National Football League
Time to believe in Tebow's passion
National Football League

Time to believe in Tebow's passion

Published Oct. 19, 2011 1:00 a.m. ET

From: Jen Floyd Engel
To: Jason Whitlock, columnist
Cc: John Fox, John Elway, Doubting Sports Thomases Everywhere

Whitlock, I hate to come at you at a time like this when you must be hurting, your favorite current NFL quarterback, Donovan McNabb, benched again. This time for an unproven rookie, Christian Ponder, because what your man was throwing out made the Vikings abandon their playoff hopes a little more than a month into the season. Go figure. McNabb is the only quarterback in the history of ever who made Rex Grossman look like an upgrade.

Sorry. I need you to stop mourning McNabb’s failed career for a second and answer a question that has been gnawing at me ever since you gleefully joined the non-believers dissing Tim Tebow: Why? Why do you — the last remaining holdout in the Jeff George fan club — refuse to concede the league might be wrong about Tim Tebow?

You believe in hopeless causes, Jeff George and Donovan McNabb. Why not believe in the man who inspires hope in Denver and in sports fans who like their stars warm and fuzzy?


You knew I would be pissed. You called me out in your column.

Mel Kiper, Jimmy Johnson, Merril Hoge, the 24 NFL teams that passed on Tebow in the first round of the draft — really everybody in the NFL not named former Broncos coach Josh McDaniels — predicted epic fail for this guy.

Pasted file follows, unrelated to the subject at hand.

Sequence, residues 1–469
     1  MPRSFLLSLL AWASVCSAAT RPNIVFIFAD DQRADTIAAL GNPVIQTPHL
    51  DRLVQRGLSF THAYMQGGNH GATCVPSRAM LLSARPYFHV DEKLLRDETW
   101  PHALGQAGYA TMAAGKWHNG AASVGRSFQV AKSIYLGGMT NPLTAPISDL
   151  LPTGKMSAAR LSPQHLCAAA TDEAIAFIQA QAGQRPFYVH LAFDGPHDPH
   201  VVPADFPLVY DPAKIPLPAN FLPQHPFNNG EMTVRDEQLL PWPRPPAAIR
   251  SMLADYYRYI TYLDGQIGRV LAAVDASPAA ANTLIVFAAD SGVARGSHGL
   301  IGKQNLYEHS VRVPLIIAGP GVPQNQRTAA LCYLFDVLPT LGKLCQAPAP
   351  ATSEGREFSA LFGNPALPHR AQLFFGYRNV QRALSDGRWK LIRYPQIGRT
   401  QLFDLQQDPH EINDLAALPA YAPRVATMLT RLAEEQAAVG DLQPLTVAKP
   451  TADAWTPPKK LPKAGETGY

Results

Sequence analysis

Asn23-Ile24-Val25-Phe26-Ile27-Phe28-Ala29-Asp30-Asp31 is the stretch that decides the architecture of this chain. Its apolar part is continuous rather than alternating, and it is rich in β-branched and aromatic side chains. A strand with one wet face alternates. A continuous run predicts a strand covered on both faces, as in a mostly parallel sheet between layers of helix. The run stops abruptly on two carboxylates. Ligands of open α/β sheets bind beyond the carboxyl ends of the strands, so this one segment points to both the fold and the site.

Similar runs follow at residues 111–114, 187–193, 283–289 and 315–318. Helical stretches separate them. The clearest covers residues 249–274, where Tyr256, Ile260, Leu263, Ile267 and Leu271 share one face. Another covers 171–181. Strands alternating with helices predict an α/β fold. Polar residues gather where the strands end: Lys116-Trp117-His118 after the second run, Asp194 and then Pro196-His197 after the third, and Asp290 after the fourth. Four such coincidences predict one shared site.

You know what all of those people have in common?

They are wrong all the time about players. They dissect how a guy throws, how far he throws, what he looks like, what his throwing motion looks like, how fast he runs, how much he runs, what he looks like when he runs, his stats, his combine numbers and they forget how often these numbers are wrong, how often the can’t-miss guys do and how the Wes Welkers keep finding their way into prominence.

I do not know if Tebow is going to be a great quarterback.

What I do know is I am not willing to bet against him. He’s a winner. He’s inspiring. He has it, whatever it is. He played 10 days ago — his first NFL game action of 2011 — and he actually had the Denver Broncos looking like a team. It was not simply fist-pumping and underdog sentimentality that he brought. He moved the chains. The Broncos scored points with him on the field. He scored.

He earned Sunday’s start in Miami. Yet when Tony Dungy rightly praised Tebow, you dismissed it as catching “Tebow religion” and criticized us Tebow believers for believing “whatever the last entertaining thing we saw on the boob tube is infinitely better than whatever we saw before.”

Two types of opinions exist with regards to Tebow:

1) OK, start him because really, what does Denver have to lose? This hints at Tebow being awful with just enough bet hedging in case he really does have God on his side. Or, 2) He is going to fail because he’s not good. They believe so fervently in his failure they cannot accept anything to the contrary.

Arguing with this is impossible. The best argument is made by "Chariots of Fire."

Best sports movie ever, by the way. Better than "Rudy," "Hoosiers," "Rocky," "Bull Durham." It is my "Wire," in terms of loyalty.

"Chariots of Fire" is the story of the British Olympic track team leading up to the 1924 games, and more specifically, Scottish runner Eric Liddell — a very principled man of God and astonishingly fast sprinter with a lot of doubters.